Catie Nettlingham's debut poetry book Her Patient Fight was released earlier this month. We have a copy ready to send to a Hooked on NZ Books reviewer, and in the meantime, ask Catie about the project.
Kia ora, Catie. Please tell us a bit about this book and how you came to write it.
My poetry book is called Her Patient Fight and it shows the journey I have had through mental health adversity. I have bipolar disorder and I write in part one some of the experiences I have had with that.
This book opens the conversation around depression, anxiety, bipolar, mania and psychosis. It is not weak to speak. As the book goes on it shows how I recovered and now manage such a debilitating illness.
A special part of the book is all about my loved ones and how they and the community saved me. It takes a group of kind people to battle a mental illness and I am so lucky I did receive that. I credit all my success and improvement to them.
Finally, the book finishes with inspiration, hope and encouragement as this too shall definitely pass, and sometimes it takes hearing another person’s story to believe that. I hope I am that person that I desperately wanted to read about when I was going through the worst to others now. I am very proud of my efforts to turn my dark times into something good in this world.
I had never written before I was in hospital. Then I couldn’t put down the pen; I had a lot to process and get out of my brain and onto paper. This process was therapeutic and it healed me. I actually did not intend on writing a book, but it just flowed and came together as a fine collection of poetry that tells my story.
Who’s your ideal reader of Her Patient Flight? What do you hope the book might do for readers?
This is a book any young adult and all adults can enjoy. You do not need to have a mental illness or know someone with poor mental health to be inspired by this collection of poems.
How important is writing to you, in your life? Would you encourage other young people to have a go?
Writing has been my channel to health. Writing brings me purpose and unleashes my individual creativity. To write is to feel and to feel is the beauty in living. When I am writing, I am never alone. Some may say lost in my own thoughts, but I believe I'm strengthening my inner being.
When I write, whether it's shallow or deep, I escape and I grow. Putting together a poem is a tool I use to manage my bipolar. It levels and centres me. I would go as far as saying practicing this is mindfulness as I am in the zone and releasing the pressure on my mind. Detachment of thoughts onto paper is immensely beneficial.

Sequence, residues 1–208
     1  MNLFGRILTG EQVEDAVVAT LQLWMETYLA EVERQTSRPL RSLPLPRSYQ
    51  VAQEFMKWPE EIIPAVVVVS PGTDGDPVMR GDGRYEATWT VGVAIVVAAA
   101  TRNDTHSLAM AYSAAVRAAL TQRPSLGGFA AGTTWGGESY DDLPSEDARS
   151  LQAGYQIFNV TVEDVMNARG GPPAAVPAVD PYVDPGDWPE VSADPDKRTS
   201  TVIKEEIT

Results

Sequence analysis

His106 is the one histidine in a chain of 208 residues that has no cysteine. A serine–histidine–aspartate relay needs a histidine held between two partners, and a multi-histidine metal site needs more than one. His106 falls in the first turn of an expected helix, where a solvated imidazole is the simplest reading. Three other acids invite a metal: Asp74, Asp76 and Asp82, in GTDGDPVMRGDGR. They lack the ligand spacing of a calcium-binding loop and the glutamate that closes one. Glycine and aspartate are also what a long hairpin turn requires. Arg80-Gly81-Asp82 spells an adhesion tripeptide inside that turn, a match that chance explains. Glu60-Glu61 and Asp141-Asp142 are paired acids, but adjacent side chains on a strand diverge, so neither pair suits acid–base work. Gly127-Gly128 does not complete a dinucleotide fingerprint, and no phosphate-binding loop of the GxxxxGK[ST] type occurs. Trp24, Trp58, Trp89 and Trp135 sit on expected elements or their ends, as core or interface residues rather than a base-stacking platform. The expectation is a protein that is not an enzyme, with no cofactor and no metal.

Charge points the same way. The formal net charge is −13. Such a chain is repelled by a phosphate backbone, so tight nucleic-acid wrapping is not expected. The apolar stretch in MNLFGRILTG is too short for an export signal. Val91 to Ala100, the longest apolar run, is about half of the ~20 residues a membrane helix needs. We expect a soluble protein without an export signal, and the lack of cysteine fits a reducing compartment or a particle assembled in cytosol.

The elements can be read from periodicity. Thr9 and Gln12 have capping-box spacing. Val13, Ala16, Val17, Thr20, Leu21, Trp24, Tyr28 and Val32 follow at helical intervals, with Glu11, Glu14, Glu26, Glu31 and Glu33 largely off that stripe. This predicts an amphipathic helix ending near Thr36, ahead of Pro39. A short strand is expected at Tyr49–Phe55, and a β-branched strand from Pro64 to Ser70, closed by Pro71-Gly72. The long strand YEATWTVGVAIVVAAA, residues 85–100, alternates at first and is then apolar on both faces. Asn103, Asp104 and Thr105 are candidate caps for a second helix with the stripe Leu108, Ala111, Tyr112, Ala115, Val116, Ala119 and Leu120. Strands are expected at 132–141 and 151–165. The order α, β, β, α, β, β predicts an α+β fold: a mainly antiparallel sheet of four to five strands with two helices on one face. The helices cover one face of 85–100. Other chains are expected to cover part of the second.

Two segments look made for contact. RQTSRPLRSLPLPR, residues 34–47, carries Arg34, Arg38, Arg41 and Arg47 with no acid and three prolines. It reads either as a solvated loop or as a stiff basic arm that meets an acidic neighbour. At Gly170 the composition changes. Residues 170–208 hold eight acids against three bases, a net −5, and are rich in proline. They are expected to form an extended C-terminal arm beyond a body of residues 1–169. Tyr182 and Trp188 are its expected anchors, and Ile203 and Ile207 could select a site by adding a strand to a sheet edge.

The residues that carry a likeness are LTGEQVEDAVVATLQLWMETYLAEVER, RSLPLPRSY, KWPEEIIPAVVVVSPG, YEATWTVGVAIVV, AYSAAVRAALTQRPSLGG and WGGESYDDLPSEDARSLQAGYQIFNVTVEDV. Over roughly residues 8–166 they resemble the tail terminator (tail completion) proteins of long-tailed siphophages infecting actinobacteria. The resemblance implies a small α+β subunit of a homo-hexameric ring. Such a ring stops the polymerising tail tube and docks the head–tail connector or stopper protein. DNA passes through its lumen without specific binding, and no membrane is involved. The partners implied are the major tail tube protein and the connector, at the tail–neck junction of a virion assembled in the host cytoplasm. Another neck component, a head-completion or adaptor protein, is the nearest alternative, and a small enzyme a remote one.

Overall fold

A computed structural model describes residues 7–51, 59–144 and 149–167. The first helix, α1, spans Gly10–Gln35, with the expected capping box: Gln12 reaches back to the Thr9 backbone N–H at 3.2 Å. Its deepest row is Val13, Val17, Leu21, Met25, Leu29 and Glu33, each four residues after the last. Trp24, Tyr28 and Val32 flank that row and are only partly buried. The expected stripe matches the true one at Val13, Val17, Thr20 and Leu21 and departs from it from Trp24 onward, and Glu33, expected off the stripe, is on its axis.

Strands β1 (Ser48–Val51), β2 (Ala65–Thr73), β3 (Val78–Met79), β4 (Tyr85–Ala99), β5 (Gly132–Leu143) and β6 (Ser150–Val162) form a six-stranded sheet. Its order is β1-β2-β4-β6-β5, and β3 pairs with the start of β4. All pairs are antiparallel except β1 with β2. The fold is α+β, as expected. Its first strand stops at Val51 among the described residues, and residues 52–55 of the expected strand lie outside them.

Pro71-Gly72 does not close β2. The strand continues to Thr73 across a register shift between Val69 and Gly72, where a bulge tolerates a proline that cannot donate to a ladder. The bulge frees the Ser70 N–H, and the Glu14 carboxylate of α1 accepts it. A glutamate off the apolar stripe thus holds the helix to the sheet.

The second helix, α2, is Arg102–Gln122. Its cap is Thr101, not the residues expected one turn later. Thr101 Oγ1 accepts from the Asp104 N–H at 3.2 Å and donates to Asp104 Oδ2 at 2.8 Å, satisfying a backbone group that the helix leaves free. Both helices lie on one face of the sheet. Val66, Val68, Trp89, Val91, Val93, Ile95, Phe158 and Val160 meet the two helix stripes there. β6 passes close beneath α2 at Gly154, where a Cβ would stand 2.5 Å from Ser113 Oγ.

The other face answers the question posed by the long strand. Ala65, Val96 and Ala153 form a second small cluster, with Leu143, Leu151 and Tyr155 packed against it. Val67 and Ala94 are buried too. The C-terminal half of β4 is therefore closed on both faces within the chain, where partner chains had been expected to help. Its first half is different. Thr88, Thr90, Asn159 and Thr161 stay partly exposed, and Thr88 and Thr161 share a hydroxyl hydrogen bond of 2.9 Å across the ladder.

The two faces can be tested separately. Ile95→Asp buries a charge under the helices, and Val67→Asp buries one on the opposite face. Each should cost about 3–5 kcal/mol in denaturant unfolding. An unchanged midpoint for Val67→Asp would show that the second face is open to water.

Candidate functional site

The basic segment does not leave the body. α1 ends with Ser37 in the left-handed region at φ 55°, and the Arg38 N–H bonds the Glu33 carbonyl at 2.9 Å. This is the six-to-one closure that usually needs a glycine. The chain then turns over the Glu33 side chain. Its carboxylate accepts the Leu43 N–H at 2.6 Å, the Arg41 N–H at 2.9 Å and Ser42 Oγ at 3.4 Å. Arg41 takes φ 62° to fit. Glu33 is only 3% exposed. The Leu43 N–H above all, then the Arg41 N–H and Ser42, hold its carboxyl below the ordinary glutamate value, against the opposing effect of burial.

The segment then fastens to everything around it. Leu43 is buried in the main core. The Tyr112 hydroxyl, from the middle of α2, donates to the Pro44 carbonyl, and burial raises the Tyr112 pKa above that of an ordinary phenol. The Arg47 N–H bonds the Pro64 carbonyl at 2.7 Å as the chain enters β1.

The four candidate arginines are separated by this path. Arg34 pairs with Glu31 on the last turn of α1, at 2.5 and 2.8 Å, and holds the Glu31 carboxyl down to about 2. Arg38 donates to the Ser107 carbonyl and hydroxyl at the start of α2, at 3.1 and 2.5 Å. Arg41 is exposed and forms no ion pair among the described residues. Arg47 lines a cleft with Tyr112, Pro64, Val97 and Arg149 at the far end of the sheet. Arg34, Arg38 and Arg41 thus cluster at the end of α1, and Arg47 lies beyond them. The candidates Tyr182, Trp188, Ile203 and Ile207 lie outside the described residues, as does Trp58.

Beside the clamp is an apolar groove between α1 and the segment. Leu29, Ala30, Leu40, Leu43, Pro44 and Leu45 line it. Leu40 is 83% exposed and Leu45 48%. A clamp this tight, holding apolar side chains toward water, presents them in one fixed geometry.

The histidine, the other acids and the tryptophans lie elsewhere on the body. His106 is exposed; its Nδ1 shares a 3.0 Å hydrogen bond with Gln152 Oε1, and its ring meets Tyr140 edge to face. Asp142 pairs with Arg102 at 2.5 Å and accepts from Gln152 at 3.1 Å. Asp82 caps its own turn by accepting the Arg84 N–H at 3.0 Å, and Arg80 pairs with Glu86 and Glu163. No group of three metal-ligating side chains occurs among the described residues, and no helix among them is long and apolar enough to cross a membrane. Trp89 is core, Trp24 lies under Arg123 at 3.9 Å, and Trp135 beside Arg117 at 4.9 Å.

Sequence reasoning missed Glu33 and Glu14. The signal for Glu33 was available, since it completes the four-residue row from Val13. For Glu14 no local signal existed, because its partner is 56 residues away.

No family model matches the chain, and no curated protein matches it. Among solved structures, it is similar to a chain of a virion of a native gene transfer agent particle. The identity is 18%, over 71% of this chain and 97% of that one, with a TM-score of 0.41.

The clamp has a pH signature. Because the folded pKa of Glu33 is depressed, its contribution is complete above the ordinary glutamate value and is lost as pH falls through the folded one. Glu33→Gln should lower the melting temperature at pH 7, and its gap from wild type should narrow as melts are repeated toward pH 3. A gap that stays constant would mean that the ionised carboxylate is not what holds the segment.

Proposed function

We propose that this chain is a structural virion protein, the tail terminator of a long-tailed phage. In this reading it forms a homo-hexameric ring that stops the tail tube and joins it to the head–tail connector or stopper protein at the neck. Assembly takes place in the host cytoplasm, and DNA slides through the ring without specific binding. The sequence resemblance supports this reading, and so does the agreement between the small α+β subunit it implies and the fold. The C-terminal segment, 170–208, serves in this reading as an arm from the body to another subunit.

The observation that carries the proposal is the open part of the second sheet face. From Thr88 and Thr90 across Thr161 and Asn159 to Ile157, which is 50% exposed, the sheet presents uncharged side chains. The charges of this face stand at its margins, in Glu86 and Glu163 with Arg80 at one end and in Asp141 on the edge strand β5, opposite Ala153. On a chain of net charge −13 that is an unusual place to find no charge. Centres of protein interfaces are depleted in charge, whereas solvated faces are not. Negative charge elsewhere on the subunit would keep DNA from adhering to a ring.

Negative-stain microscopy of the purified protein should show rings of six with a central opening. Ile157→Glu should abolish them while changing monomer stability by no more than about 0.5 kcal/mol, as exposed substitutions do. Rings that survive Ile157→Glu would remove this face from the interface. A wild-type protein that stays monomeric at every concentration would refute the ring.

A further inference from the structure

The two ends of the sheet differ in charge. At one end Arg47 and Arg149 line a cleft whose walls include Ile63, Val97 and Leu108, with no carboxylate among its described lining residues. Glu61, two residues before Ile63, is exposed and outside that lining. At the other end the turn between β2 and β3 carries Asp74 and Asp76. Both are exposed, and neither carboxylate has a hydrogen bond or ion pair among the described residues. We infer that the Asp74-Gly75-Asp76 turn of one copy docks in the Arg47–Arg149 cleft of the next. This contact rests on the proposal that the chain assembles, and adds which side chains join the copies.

I strongly encourage other young people to write. It is not about a finished poem on the page - it is about having a go. Relax and scribble down words, phrases, or drawings all over the page. From there you can string together sentences.
In a fast-paced world, it is hard to even pick up and tune into how we are feeling or even doing. This means it is even more essential that we take a moment to pause, reflect, express, and learn.
Have some time off your phone and focus on a blank page that is full of possibilities. There are all sorts of practices, such as journaling which is a good start to prompt writing. There are so many benefits of writing. Your mental health improves, heart rate slows down, concentration is expanded and can leave you feeling productive and motivated.
Which books, poets or other writers have been special to you in your life?
I struggled for a long time, and still do a bit now, with my concentration due to my mental illness. This makes reading and following a novel difficult. But this one was different. Despite it being a more challenging read, The Choice by Edith Egar is a book I read and finished right in the thick of my journey and it helped me so much. Edith’s story is very special as it changed my whole mindset around which I still use to this day.
What are you reading right now, and have you got any book recommendations for us?
I am currently reading Believe in Life: How to dance in the rain, by Johanne Schoz.
During my journey, and through my Mum who studies te reo Māori, I discovered my love for whakatoki and my interest in the Māori world. For that reason these two books are great reads, and I really enjoyed flicking through them. I gained great inspiration for my poetry in these pages and meanings.
1) Mauri ora: wisdom from the Māori world, by Peter Alsop and Te Raumawhitu Kupenga; and
2) Aroha: Māori Wisdom for a Contented Life Lived in Harmony with Our Planet by Hinemoa Elder.
What’s next in line for you, Catie? Any new book projects in the works?
I like to take life a step at a time and promoting Her Patient Fight is a big focus on mine at the moment. In saying this, I do have big creative ideas and am excited about my future. No new manuscripts coming together currently. I do however want to keep growing my reach on Instagram and that is such a great platform for getting my message across and touching this lives of more people.